A deal to end six years of war in the Central African Republic could come unglued if not strengthened. The government should hold signatory armed groups accountable to criteria for improved behaviour and back local peace initiatives. Neighbours should push armed groups to cease provocations.
Violence involving armed groups continued at low level as govt and armed groups made some progress forming bodies to implement Feb peace agreement. In north west, suspected members of armed group Révolution et Justice/Sayo (RJ-Sayo) 16 June killed four herders in Ougo village, Ouham prefecture. UN 20 June said 90 RJ-Sayo fighters had demobilised 30 May-1 June. In centre, clashes between rebel group Union for Peace in Central African Republic (UPC) and anti-balaka militants 20 June reportedly left at least six dead. In Tiringoulou in north east, militants mostly from ex-Seleka armed group Popular Front for the Central African Renaissance (FPRC) dissatisfied with peace deal 28 May formed new armed group Parti du Rassemblement de la nation Centrafricaine (PNRC). PM Ngrebada 13 June presided over third session of Executive Monitoring Committee tasked with implementing Feb agreement. Justice minister next day opened first meeting of National Implementation Committee. Police 15 June assaulted and arrested two French journalists and one protester during peaceful opposition demonstration in capital, Bangui; journalists were released same day and protester 19 June.
Resurgent armed groups in Central African Republic are killing many civilians and causing widespread displacement. Government forces and the UN are in a weak position, and there are no quick solutions. To contain the violence, the government and international actors must agree on a roadmap for peace with armed groups that combines both incentives and coercive measures.
In Central African Republic, the conflict between armed groups is now compounded by a conflict between armed communities. The roadmap to end the crisis including elections late 2015 presents only a short-term answer and risks exacerbating existing tensions. The transitional authorities and their international partners must address crucial issues by implementing a comprehensive disarmament policy and reaffirming that Muslims belong within the nation.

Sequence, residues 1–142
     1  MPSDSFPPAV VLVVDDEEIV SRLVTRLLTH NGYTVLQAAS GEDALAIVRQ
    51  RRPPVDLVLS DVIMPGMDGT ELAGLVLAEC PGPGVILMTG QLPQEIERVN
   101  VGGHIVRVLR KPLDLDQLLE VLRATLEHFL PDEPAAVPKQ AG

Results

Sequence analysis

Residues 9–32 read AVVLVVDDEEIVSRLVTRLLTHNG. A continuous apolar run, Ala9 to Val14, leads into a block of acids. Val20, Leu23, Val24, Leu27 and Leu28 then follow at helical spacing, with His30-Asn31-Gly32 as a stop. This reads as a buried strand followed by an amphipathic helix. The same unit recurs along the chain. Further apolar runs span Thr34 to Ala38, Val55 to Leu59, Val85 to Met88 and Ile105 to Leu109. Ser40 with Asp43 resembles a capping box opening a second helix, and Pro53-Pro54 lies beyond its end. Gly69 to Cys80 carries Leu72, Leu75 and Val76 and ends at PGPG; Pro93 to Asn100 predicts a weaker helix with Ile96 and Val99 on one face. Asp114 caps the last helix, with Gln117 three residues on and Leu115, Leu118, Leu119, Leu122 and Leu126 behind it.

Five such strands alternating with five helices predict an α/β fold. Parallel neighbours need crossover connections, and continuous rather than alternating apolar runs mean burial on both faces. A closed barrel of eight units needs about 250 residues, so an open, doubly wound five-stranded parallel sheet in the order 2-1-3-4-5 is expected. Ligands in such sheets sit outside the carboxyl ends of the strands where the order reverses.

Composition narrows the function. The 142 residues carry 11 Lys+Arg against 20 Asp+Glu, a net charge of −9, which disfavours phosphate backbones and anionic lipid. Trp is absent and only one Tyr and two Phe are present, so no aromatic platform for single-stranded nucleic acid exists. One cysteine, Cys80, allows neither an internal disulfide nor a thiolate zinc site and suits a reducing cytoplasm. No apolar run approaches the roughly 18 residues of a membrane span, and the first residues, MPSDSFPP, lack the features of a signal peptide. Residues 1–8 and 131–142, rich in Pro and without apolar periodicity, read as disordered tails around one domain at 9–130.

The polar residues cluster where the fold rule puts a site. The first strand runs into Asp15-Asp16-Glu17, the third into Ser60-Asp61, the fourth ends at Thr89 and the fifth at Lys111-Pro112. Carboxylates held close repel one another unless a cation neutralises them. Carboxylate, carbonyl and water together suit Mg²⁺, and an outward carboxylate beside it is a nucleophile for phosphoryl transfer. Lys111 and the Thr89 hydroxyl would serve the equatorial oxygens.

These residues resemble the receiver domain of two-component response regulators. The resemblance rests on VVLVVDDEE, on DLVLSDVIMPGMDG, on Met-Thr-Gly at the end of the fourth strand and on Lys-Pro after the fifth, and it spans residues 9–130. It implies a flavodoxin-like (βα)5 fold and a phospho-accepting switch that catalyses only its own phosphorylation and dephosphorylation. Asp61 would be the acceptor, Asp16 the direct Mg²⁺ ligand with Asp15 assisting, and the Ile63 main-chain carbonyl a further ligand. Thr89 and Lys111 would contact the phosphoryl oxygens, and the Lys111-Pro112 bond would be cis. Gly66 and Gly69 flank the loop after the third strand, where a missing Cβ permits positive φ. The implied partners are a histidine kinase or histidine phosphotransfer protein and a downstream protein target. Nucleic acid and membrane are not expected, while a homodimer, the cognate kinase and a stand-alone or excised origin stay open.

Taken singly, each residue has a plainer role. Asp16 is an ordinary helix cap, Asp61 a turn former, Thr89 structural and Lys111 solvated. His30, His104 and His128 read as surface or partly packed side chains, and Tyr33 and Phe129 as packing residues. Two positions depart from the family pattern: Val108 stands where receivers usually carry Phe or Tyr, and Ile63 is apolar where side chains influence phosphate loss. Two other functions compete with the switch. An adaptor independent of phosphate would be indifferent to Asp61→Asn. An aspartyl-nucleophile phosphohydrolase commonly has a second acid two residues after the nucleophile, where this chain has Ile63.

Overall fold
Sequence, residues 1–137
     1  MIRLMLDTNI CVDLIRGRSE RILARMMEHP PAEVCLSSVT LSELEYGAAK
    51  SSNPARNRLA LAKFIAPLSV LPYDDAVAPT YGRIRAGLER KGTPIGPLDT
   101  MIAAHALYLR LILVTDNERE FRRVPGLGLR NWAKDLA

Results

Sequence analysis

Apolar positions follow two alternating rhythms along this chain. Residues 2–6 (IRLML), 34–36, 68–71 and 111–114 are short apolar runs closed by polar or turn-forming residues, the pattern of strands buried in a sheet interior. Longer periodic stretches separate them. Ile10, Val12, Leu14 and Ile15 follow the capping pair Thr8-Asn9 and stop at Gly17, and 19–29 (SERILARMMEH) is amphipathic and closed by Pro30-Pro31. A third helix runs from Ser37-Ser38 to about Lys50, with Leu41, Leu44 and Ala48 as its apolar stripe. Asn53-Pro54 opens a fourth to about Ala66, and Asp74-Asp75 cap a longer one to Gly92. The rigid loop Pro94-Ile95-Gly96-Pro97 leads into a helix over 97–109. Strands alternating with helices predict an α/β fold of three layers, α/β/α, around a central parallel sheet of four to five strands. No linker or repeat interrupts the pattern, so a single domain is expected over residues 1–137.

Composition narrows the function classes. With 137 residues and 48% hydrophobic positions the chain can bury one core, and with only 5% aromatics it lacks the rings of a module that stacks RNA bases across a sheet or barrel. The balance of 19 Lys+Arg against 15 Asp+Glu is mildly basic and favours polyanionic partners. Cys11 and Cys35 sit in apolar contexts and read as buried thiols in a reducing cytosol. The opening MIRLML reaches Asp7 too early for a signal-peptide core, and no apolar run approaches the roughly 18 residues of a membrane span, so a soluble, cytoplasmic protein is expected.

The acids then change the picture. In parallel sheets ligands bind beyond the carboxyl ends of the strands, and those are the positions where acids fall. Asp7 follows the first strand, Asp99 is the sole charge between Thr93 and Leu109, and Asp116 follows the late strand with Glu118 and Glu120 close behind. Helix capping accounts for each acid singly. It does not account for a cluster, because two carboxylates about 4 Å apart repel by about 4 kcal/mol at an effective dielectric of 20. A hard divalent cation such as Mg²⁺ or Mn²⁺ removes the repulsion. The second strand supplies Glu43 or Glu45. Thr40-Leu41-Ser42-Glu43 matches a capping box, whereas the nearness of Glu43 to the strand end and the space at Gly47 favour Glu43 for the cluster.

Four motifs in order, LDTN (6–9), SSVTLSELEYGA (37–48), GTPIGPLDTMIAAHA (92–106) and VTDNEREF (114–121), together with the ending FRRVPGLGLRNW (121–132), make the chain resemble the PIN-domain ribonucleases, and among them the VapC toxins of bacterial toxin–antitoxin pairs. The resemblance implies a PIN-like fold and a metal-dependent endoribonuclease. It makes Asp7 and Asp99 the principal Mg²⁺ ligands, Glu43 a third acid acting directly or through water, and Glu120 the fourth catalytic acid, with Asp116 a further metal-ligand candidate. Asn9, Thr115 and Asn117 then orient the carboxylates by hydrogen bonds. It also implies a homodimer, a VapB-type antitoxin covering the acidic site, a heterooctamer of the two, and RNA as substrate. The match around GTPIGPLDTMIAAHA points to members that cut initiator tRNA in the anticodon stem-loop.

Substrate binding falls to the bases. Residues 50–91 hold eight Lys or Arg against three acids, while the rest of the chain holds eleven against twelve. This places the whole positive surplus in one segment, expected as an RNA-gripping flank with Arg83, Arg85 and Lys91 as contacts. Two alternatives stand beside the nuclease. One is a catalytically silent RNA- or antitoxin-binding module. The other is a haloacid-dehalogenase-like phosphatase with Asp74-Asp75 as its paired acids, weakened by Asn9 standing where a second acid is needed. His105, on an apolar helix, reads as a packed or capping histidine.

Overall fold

Away from the international spotlight, the Central African Republic’s rural areas are turning into fields of violence as war over territory and livestock hits a highly vulnerable population, with effects increasingly felt in neighbouring Cameroon and Chad.
To stabilise the Central African Republic (CAR), the transitional government and its international partners need to prioritise, alongside security, action to fight corruption and trafficking of natural resources, as well as revive the economy.
Sensible, inclusive regulation of pastoralism that has mitigated tension in parts of the Sahel should be extended to the Democratic Republic of Congo (DRC) and the Central African Republic (CAR), where conflicts have worsened with the southward expansion of pastoralism.
Russia is intensifying its relationships in Africa and [the Central African Republic] is one of their entry points. The government is weak so it’s an easy target.
International mobilization [in the Central African Republic] is much, much slower than the deterioration of the situation on the ground.
The main risk [of the escalating violence in Central African Republic] is really to come back to a conflict like it was in 2013, very close to a kind of civil war.
There is a risk that the process of negotiation [in the Central African Republic] around disarmament becomes bogged down and justice, including through the Special Criminal Court, accelerates.
Against the supposed Christian versus Muslim logic of this conflict [in the Central African Republic], we now see Muslim groups fighting Muslim groups, divided on ethnic lines and fighting for territory.
The U.N. Security Coucil approved a resolution to extend the mandate of the U.N. Mission in the Central African Republic (MINUSCA) until 15 November 2018, also increasing the mission’s troop ceiling by 900. Richard Moncrieff, Project Director for Central Africa, states that the Central African Republic needs more than just troops to meet the country's security challenges.
Originally published in World Politics Review
Africa is experiencing the highest number of humanitarian crises since the 1990s. As the new chair of the African Union Commission, Moussa Faki Mahamat, takes office, International Crisis Group suggests how he can strengthen the organisation’s response to threats to continental peace and security.
En Centrafrique, le statu quo qui a suivi l'investiture du président Touadéra en mars 2016 est déjà remis en cause. Les tensions montent tandis que le blocage est total sur l’accord de désarmement, démobilisation et réinsertion, nœud gordien de la crise centrafricaine. Tout doit être mis en œuvre lors de la conférence des donateurs pour la Centrafrique, qui se déroule le 17 novembre à Bruxelles, pour éviter une nouvelle tentative de déstabilisation, voire un renversement du pouvoir.